The gap left in the internal leadership of the Society is slowly being filled by the real stakeholders of the project : the rural people. A large team of farmers, artisans, barefoot agriculture scientists, foresters, watershed specialists, farm engineers, communicators and such other cadres have emerged in DDS. An overarching leadership of some extremely capable women has slowly taken over the day to day management of various activities. They are also acting as a Think-tank for the core management team of the Society.
This is the leadership which is sustainable and long lasting. More and more they have proved that their capabilities are beyond the ordinary imagination of the so called development experts from urban areas. Today these women can negotiate with anyone on any issue : from food security to video production. They have proved their extraordinary mettle in all these fields.
It is on this leadership that the Society will rely more and more. Bringing more and more outsiders is a harrowing task. A lot of energy and time is invested on them. But the call of the new ‘globalisation’ in development sector becomes irresistible for these people. The huge salaries, professional fees and profiles are so attractive that before one has finished sculpting them, they are gone. This is most unsustainable. Therefor relying on the real stakeholders in rural areas is not only sustainable but also most satisfying. It also challenges the conventional stereotyped thinking on leadership by facilitating a real rural leadership.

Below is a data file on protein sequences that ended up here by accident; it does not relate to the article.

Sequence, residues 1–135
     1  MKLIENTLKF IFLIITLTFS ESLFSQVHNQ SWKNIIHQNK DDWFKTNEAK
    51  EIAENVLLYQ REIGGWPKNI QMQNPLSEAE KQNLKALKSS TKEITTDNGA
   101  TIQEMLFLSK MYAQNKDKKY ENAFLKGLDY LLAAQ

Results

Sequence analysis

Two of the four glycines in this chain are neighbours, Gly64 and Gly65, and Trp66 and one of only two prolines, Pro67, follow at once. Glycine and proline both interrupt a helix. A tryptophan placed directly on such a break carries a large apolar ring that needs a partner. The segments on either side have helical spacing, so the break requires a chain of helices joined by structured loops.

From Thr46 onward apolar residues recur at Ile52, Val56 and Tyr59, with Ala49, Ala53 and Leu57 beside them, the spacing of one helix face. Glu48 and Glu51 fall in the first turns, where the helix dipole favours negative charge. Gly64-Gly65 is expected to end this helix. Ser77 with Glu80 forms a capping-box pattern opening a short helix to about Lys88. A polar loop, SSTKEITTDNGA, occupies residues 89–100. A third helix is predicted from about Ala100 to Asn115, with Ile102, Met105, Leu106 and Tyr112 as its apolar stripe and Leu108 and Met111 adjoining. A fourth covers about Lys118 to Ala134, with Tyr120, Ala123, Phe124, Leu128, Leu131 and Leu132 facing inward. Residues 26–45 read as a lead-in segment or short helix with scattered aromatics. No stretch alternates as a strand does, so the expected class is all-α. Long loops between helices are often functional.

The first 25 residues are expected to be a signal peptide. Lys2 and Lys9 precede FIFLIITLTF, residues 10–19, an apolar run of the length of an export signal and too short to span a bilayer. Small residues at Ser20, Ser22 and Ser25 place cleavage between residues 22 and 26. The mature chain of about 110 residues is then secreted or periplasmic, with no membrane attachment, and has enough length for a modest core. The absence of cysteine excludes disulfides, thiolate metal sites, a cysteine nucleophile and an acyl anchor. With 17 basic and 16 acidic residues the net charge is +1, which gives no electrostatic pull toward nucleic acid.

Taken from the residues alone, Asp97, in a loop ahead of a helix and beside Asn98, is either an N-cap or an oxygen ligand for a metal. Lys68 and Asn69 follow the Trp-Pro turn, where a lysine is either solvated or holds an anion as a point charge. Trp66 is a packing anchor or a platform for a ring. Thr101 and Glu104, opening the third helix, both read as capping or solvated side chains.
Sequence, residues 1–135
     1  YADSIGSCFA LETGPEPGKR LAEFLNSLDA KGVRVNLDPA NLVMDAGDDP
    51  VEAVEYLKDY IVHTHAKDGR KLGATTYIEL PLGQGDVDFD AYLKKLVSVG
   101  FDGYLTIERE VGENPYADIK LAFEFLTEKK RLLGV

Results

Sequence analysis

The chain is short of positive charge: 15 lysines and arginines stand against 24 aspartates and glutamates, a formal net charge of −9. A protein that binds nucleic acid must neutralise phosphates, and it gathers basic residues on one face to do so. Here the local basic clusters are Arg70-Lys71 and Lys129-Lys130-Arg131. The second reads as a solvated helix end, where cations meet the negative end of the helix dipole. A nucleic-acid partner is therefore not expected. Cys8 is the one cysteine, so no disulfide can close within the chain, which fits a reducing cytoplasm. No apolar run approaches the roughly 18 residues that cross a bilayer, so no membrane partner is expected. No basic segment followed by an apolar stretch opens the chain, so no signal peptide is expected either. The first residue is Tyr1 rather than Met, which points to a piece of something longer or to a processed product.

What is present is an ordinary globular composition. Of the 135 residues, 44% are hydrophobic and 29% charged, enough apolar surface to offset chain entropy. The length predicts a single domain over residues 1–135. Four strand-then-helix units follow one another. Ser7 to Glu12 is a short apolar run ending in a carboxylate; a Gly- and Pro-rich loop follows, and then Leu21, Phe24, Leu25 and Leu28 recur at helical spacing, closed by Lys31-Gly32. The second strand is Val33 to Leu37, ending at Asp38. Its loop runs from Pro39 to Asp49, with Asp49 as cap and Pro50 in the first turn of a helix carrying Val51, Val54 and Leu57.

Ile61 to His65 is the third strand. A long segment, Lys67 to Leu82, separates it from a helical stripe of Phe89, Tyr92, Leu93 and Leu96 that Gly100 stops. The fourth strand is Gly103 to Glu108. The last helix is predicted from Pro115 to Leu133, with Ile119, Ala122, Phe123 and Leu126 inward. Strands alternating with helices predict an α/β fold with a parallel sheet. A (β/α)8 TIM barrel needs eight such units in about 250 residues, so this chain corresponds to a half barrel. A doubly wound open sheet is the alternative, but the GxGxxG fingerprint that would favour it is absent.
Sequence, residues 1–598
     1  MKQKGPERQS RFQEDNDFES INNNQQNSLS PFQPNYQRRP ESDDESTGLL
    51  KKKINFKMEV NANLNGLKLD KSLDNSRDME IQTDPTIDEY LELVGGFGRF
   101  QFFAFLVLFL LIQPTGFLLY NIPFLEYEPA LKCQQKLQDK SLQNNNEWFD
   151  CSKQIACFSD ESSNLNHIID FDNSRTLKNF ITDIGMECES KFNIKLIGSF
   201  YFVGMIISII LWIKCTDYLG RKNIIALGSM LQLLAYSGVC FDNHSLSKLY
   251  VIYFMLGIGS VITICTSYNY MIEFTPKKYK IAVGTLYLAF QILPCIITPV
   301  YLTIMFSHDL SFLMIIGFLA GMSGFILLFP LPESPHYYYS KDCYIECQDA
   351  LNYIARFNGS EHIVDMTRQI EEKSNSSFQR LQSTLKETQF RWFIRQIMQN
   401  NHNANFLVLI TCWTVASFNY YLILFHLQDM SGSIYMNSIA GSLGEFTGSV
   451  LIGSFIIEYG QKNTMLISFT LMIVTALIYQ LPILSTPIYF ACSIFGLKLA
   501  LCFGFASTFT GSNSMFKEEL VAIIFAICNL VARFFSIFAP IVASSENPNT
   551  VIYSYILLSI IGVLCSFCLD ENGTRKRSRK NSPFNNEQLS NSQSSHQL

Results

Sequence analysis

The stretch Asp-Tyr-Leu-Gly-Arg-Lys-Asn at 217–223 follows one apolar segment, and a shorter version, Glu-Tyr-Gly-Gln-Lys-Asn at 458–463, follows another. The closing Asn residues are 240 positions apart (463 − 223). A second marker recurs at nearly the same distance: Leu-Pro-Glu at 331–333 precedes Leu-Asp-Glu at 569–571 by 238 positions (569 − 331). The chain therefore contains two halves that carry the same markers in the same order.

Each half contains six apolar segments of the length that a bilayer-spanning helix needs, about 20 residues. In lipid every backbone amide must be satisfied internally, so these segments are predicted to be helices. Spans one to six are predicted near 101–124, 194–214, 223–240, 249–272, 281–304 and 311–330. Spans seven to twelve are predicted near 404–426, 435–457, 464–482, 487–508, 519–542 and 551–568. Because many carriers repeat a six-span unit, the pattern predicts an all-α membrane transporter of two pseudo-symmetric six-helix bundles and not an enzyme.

DDS, as an organisation which is looking for alternatives in all fields, also feels that this is the way forward.
Deccan Development Society Board
Prof G.S. Aurora (Chairperson)
One of the founder members of DDS and a distinguished social scientist. He was formerly professor and dean of Sociology of the most coveted university in the country, the Central University of Hyderabad. Later worked as Professor Emeritus at the famous Institute for Social and Economic Change, Bangalore. Led a famous research project on Structural Adjustment and its Impact on Rural Poor in India.
Dr (Ms) Rukmini Rao (Treasurer)
Active in women’s movement. Consultant to several national and international development organisations; serves on the committees of several governmental and non governmental development organisations.
Mr M.V. Sastry(Honorary Advisor)
One of the founder members of DDS and a most respected development veteran. Also Honorary Advisor for the Centre for World Solidarity, which networks over 150 NGOs in four Indian States.
Prof (Ms) Shanta Sinha (Director)